Schrödinger's Cat Simultaneously in Two Boxes

Schrödinger's Cat Simultaneously in Two Boxes


In the famous Schrodinger’s cat thought experiment from 1935, a cat is locked in a box together with a poison released by radioactive decay. As long as the box is closed, you do not know whether the cat is alive or dead. In quantum physics, being in two different states at the same time is known as a superposition state.

Chen Wang, Yale University, New Haven, CT, USA, and colleagues have generated a new, exotic version of the Schrödinger’s cat. Their cat is constructed from coherent microwave photons. The team created two aluminum cavities about 2.5 cm across (two boxes). In these cavities, they created a standing wave of light using a sapphire chip (two cats).

Both cavities are bridged by a superconducting ion bridge, a so called Josephson Junction. It was used to superimpose a standing wave of two separate wavelengths of light in each cavity. As a result, a group of about 80 photons in the cavities oscillated at two different wavelengths at once and in two different places. This means, the team realized a two-mode cat state of electromagnetic fields in two microwave cavities bridged by superconducting artificial atoms. In other words, Schrödinger’s cat is at the same time in two boxes either alive or dead.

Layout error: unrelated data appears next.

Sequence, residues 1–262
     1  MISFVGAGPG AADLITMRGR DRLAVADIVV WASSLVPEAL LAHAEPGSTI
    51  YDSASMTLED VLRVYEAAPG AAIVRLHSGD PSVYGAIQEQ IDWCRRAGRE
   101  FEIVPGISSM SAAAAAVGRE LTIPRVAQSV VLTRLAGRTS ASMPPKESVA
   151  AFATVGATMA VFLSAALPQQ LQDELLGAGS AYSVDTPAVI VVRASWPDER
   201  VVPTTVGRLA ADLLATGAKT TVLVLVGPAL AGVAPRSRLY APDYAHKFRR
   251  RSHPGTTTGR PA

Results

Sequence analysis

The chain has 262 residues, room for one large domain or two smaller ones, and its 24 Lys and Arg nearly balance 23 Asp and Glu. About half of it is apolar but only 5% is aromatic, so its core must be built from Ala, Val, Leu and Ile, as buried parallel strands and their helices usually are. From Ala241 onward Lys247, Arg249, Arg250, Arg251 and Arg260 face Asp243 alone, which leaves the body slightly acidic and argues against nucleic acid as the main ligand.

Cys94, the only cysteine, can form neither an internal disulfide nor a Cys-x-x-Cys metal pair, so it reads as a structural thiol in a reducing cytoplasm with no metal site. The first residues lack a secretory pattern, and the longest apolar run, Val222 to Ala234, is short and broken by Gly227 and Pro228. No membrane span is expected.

The ability to share quantum states in different locations could revolutionize quantum computing. The next step for the team is to scale up their experiment so it can be applied to an actual quantum computer.

  • A Schrödinger cat living in two boxes,
    Chen Wang, Yvonne Y. Gao, Philip Reinhold, R. W. Heeres, Nissim Ofek, Kevin Chou, Christopher Axline, Matthew Reagor, Jacob Blumoff, K. M. Sliwa, L. Frunzio, S. M. Girvin, Liang Jiang, M. Mirrahimi, M. H. Devoret, R. J. Schoelkopf,
    Science 2016, 352 (6289), 1087–1091.
    DOI: 10.1126/science.aaf2941


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